NEW YORK, July 12, 2012/African Press Organization (APO)/ — A Gambian judge ordered the arrest of a journalist Tuesday on contempt of court charges, the third instance of a journalist being detained on such charges in as many weeks, according to local journalists.
Police arrested Sidiq Asemota, the legal affairs correspondent of the pro-government Daily Observer, while he was on assignment at the High Court in Banjul, the capital, his employer reported. Judge Emmanuel Nkea of the Special Criminal Court had issued an arrest warrant for Asemota on Friday, news reports said.
Asemota told Pa Malick Faye, the managing editor of the Daily Observer, over the phone that security agents were arresting him because of his June 9 story headlined “Two sentenced for forgery,” the newspaper reported.
The story was about two Gambian citizens who Nkea had convicted of “economic crime and forgery of official documents.” Faye said that no complaint had been lodged about the story and that he was unaware of the cause of the arrest, according to the paper.
Asemota is being held at Mile 2 State Central Prison outside Banjul, according to the Observer. He is due to appear in court on July 13, reports said.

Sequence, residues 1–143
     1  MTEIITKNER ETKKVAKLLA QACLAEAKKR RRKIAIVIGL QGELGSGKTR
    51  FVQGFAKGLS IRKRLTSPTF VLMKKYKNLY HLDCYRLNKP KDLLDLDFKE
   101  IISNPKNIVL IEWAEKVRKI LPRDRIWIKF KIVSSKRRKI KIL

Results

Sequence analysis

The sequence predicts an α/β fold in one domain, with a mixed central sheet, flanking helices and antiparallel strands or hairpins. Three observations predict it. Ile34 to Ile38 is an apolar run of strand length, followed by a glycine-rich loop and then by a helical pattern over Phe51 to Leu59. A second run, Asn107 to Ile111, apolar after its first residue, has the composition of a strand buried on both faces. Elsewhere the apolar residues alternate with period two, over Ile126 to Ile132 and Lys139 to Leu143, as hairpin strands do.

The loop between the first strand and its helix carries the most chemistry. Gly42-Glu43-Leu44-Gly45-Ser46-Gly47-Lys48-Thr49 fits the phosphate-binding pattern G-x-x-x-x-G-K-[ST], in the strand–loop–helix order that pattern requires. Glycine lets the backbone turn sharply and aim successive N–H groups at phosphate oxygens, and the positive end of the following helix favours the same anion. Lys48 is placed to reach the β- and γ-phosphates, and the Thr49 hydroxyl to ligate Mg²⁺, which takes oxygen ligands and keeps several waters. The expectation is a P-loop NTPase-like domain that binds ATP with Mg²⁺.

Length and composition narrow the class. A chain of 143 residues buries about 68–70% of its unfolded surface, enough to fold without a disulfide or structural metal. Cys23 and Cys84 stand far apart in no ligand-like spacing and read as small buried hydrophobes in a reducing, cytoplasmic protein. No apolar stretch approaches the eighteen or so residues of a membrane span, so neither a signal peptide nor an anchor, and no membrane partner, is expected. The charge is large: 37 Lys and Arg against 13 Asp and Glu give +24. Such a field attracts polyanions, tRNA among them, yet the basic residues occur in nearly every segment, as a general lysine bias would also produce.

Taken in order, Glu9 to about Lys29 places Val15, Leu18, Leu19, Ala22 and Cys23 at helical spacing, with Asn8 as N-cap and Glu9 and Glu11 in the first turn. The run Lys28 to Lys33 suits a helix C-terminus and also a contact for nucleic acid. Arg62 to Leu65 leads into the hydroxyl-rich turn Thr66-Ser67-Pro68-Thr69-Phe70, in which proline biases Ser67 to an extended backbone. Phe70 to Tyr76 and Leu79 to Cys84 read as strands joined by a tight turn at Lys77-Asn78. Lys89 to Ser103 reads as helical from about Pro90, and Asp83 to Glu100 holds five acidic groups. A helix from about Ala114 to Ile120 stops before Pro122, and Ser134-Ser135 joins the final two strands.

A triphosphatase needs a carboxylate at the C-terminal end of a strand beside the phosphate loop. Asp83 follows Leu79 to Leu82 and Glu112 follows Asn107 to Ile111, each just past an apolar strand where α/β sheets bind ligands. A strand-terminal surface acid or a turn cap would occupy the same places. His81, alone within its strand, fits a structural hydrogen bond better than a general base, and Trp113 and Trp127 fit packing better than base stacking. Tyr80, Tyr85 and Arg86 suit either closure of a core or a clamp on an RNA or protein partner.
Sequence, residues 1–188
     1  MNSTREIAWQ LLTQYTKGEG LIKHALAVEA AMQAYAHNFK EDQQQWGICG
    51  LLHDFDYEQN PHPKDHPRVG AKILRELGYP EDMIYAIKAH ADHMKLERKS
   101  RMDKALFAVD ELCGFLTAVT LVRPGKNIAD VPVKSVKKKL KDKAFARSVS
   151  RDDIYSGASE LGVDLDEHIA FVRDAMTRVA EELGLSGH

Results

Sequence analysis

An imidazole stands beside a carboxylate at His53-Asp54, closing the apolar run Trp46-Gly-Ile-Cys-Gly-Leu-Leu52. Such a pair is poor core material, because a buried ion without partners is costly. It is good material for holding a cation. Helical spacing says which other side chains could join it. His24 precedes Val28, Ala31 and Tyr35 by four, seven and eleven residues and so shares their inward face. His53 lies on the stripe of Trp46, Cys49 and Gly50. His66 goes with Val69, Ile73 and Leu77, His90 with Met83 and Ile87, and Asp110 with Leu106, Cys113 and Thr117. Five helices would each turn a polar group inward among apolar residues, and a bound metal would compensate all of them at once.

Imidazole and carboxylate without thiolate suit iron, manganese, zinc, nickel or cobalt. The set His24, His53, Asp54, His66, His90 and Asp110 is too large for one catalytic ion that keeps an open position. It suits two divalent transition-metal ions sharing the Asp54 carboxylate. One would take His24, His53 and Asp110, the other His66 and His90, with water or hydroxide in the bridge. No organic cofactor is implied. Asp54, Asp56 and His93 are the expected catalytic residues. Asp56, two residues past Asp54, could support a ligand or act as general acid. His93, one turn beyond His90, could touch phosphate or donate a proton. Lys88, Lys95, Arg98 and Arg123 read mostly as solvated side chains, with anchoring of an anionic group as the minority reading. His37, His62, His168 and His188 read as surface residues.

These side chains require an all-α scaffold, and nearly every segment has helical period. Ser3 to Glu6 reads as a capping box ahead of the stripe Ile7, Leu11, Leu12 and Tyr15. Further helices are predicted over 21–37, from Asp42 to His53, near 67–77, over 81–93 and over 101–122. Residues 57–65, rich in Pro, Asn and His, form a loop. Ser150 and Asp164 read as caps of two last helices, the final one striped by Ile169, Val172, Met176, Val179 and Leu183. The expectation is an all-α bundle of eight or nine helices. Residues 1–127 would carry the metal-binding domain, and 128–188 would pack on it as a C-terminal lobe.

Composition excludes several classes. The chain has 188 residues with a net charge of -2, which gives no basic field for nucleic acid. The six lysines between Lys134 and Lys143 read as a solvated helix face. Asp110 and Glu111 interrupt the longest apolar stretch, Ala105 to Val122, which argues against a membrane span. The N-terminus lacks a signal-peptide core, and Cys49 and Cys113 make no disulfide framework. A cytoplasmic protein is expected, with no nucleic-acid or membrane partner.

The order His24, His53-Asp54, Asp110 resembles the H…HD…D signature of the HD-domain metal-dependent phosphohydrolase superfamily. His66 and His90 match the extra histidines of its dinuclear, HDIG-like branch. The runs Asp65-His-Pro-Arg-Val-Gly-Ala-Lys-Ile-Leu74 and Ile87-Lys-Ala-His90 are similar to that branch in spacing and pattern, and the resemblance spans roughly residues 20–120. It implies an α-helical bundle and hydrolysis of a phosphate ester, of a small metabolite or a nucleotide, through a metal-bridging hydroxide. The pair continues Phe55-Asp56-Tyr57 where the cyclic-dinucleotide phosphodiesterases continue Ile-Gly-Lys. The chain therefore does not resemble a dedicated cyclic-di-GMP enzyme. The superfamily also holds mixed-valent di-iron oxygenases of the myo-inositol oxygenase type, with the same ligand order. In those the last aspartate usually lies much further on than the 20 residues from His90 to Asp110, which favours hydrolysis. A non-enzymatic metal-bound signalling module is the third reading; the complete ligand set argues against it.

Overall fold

“It’s disturbing to see yet another instance of a Gambian judge summarily locking up a reporter in response to news coverage of court proceedings,” said CPJ Africa Advocacy Coordinator Mohamed Keita from New York. “Sidiq Asemota should be immediately released, and Gambian judicial officials should review these recent contempt charges with an eye toward ending this practice.”
Two other journalists have been remanded to prison custody on the orders of court officials in the past three weeks, according to CPJ research. One of them, Lamin Njie, was arrested on Nkea’s orders as well.
On June 22, Njie, the deputy editor-in-chief of The Daily News, was arrested on contempt of court accusations for incorrectly reporting that the judge had denied bail to officials accused of tax-related offenses, news reports said. He was released without charge on June 25, the reports said.
On June 20, Taiwo Ade Alagbe, a lower court magistrate in Banjul, ordered the arrest of Abdulhamid Adiamoh, a Nigerian journalist and the managing editor of Today newspaper, news reports said. The journalist was detained in prison for more than a week, beyond the legal limit, before being convicted in connection with an article that was critical of a cross-examination in the criminal trial of a former university lecturer. Adiamoh was ordered to pay a fine of 100,000 dalasi (US$3,100) or serve six months in jail with hard labor.
Committee to Protect Journalists (CPJ)